left corner left corner
China Daily Website

Another one on the way

Updated: 2014-02-14 08:47
By Joseph Catanzaro, Yan Yiqi and Li Aoxue ( China Daily Africa)

"Children (in China) are expensive not in that parents cannot feed them or clothe them, they are expensive in the sense that parents are uncertain about the future of their children and so they enter into a highly competitive educational process because they worry about the skills they may not have for a good job and a good life."

The other factor Wang believes will stunt the number of additional births is a now entrenched lifestyle that many Chinese will not want to give up. Urban Chinese women are career driven and marrying later, he says.

"Chinese women have among the highest labor force participation rate in the world.

"Young people are increasingly choosing a different lifestyle. The proportion of young women who choose not to get married has gone up substantially in the last 10 years. We are looking at an increase from less than 10 percent (who do not marry) to over 20 percent (who do not marry) in women aged 25-29."

Wang says 37 percent of China's population, mostly in rural areas, has always been exempt - or able to apply for exemptions - from the one-child policy.

"Most have a second child," he says.

It is the urban-dwelling, modern Chinese woman who will need to have more children if the plummeting birthrate is to be meaningfully addressed.

The current data are not encouraging.

"More than 50 percent of the population now lives in urban areas," Wang says. "The (latest) census reported the average number of children born in cities as 0.7 percent; not even one child (per woman)."

This result, he says, came even though some urban couples had already been granted an exemption to have a second child, if they were both themselves only children.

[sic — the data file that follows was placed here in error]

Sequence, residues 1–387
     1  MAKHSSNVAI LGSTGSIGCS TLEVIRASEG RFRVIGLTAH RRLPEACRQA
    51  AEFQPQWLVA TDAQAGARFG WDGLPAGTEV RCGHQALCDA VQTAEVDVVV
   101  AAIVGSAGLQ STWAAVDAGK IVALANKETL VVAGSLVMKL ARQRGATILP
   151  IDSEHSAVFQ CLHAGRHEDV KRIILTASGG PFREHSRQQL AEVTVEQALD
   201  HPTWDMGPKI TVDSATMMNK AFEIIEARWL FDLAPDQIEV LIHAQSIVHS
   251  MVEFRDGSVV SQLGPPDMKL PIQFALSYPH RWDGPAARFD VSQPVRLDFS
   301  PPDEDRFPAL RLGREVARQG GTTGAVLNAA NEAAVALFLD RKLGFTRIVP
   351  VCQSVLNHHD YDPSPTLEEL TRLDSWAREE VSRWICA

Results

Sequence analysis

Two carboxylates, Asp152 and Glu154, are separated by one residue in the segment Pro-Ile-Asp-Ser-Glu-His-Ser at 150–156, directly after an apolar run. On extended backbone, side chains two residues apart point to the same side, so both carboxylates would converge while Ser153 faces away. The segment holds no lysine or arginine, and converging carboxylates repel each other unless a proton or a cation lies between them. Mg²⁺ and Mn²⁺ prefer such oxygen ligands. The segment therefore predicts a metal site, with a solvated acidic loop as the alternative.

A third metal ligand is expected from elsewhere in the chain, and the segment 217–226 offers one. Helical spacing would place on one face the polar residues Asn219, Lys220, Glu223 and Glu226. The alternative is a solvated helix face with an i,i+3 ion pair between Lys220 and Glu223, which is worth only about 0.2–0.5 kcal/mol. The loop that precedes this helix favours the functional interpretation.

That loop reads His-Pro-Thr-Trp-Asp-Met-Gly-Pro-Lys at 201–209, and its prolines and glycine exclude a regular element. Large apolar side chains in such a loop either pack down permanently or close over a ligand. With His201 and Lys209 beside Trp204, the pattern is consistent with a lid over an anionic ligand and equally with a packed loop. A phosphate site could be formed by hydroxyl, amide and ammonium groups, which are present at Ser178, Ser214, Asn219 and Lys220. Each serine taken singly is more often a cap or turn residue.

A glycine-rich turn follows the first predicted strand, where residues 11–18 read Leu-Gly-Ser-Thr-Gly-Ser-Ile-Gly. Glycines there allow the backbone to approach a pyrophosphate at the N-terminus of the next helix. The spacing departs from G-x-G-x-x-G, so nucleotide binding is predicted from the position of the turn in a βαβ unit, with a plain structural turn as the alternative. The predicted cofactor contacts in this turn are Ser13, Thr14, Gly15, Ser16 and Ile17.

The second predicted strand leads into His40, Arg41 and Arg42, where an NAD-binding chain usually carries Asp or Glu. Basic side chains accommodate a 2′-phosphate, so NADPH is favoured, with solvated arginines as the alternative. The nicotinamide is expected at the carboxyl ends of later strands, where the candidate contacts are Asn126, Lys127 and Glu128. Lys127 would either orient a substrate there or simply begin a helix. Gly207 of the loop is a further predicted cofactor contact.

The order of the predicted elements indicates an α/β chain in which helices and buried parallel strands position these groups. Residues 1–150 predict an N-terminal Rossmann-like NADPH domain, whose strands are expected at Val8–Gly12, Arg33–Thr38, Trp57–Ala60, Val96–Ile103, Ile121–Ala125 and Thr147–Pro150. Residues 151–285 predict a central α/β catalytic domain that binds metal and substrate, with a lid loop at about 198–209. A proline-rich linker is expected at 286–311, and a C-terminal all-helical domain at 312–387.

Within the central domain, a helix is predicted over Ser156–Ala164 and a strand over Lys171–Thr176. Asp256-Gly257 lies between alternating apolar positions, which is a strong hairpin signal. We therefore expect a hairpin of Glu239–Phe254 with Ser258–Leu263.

"Surprisingly the majority of these people only end up with only one child, and that is a concern for China right now," Wang says.

Sophie Li, 26, an operations and marketing manager who lives in Beijing, is a flag bearer for the modern, urban Chinese woman. Nine months pregnant, she and her husband, who works for a state-owned enterprise, have decided they will have a second child.

She has a live-in ayi, or maid, who helps with the housework and will act as a nanny when the baby arrives. She has already made arrangements to return to work three days a week after the birth.

She says her mother, whom she helps support financially, will also play a role in helping raise the children. Access to cheap childcare and a culture of parental support are important aspects that Western commentators have not factored in when suggesting women with two children will not return to work, demographer Li Jianmin says.

Chang Kai, an economist and head of the School of Labor and Human Resources at Renmin University of China, says many Chinese could decide bearing the cost of two children now is a worthwhile investment for later life.

"We have to consider the relationship between inputs and outputs," he says. "If parents pay more now to have two children, in the future they will have two children to care of them when they're elderly."

Another one on the way

Back in Zhoushan, Le and Zhou are coy about discussing their finances and about whether both will continue working full time as real estate agents after their second child is born.

Slightly embarrassed at the attention, the expectant parents seem bemused by the thought that their baby may be the first of something new, among all of China's 1.3 billion people.

"We haven't really thought about it," Zhou says, adding that when it comes to numbers and people, there is only one simple equation that matters to her.

"We wanted to have a second because we love children, and I think one is not enough."

Contact the writers through josephcatanzaro@chinadaily.com.cn

Another one on the way

( China Daily Africa Weekly 02/14/2014 page1)

Previous Page 1 2 3 4 Next Page

  • Group a building block for Africa

    An unusually heavy downpour hit Durban for two days before the BRICS summit's debut on African soil, but interest for a better platform for emerging markets were still sparked at the summit.